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Employers Challenge Lump-Sum Payments in Certain Comp Disability Situations

The case the New York court heard includes four workers who were injured before a March 2007 deadline that allowed them to receive unlimited benefit weeks.

October 21, 2011
Related Topics: Top Stories - Frontpage, Workers' Compensation, Medical Benefits Law, Disability Benefits, Policies and Procedures, Compensation, Benefits, Latest News

The New York Court of Appeals has heard arguments in a case that could limit lump-sum payments for some permanent partial disability benefits in the state.

The appeal relates to a provision in New York state's workers' compensation law that capped permanent partial disability benefits for claimants after March 31, 2007, and a separate provision that required employers to deposit PPD awards into the state's Aggregate Trust Fund after July 1, 2007, according to a summary on the court's website.

The sections were included in New York's 2007 workers' comp reform legislation. The case the court heard Oct. 18 includes four workers who were injured before the March deadline, which allowed them to receive unlimited benefit weeks.

However, their awards were received after the July deadline, and their employers argued that the lump-sum payment provision should not apply in these cases, according to court records.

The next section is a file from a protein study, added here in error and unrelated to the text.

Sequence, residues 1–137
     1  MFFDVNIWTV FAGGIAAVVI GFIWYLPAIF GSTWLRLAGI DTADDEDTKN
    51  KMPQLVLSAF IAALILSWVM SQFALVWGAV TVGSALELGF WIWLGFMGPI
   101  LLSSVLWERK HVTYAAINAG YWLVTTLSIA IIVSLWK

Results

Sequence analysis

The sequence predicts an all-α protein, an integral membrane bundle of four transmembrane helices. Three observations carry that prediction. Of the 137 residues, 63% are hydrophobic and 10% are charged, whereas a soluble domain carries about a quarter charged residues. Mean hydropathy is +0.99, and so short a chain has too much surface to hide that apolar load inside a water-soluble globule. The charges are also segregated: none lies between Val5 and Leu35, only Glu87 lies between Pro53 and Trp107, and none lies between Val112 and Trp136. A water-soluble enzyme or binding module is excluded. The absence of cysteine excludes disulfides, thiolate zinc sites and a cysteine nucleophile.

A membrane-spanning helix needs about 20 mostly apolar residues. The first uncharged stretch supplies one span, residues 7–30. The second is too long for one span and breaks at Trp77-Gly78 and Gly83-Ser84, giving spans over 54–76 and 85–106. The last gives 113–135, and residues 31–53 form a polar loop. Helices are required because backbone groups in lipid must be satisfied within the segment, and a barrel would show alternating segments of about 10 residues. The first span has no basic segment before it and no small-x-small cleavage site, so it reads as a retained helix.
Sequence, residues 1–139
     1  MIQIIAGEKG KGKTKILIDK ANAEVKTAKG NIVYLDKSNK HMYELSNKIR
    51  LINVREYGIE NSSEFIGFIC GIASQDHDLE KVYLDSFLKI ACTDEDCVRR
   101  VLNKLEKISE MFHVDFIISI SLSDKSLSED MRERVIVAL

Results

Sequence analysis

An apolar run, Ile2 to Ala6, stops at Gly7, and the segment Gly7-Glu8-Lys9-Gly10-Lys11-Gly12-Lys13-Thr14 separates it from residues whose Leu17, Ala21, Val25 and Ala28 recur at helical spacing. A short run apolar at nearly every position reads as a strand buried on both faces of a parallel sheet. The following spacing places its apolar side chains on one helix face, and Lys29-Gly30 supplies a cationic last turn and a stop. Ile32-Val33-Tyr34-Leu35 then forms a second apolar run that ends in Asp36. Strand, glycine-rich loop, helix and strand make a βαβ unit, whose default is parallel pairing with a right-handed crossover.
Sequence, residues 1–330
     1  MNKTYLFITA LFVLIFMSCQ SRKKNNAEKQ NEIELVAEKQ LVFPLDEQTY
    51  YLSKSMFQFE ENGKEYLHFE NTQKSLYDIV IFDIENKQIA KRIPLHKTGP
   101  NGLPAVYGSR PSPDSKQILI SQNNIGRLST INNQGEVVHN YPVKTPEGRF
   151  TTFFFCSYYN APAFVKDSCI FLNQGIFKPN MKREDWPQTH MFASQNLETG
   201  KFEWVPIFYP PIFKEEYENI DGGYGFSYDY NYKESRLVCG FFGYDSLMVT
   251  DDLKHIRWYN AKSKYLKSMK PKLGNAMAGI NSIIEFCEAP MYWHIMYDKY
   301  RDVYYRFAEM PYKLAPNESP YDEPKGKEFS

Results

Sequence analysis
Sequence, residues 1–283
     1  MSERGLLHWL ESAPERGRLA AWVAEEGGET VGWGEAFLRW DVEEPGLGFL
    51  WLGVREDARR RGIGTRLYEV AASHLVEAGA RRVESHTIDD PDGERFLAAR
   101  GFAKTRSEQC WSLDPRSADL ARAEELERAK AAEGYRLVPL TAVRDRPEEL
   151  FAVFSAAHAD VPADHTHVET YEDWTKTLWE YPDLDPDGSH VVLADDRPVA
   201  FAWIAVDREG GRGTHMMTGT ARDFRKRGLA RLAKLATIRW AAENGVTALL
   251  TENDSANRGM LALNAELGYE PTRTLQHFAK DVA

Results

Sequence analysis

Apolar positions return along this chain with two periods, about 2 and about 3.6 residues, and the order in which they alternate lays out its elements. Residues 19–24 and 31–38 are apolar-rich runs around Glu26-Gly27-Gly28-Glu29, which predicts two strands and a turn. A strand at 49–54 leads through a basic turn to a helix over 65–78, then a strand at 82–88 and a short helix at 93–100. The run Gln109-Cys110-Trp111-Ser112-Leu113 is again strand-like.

In particular, the employers contend that deposits into the Aggregate Trust Fund should apply only to workers whose benefits were limited after the March 2007 deadline. They also argued that lump-sum payments are improper because it would be difficult to predict the future value of each worker's uncapped PPD claims.

Employers involved in the case include United Rentals Aerial Equipment Inc., Gould Pumps ITT, Landmark Chrysler and Duke's Plumbing and Sewer Service Inc. They seek to make periodic PPD payments to each of the four claimants.

The New York State Workers' Compensation Board directed the companies to make lump-sum PPD payments, and a state appellate court affirmed that decision last year.

Sheena Harrison writes for Business Insurance, a sister publication of Workforce Management. To comment, email

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